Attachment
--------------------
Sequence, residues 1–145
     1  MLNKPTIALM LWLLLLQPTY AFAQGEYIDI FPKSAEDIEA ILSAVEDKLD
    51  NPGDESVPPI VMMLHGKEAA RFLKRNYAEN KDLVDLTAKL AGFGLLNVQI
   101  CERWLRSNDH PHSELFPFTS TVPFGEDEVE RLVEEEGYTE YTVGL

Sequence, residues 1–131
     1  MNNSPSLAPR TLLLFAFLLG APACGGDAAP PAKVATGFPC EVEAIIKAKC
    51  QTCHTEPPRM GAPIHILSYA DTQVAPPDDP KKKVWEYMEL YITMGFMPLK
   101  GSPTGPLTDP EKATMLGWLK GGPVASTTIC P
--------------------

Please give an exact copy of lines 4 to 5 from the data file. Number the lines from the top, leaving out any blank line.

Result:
   101  CERWLRSNDH PHSELFPFTS TVPFGEDEVE RLVEEEGYTE YTVGL

Sequence, residues 1–131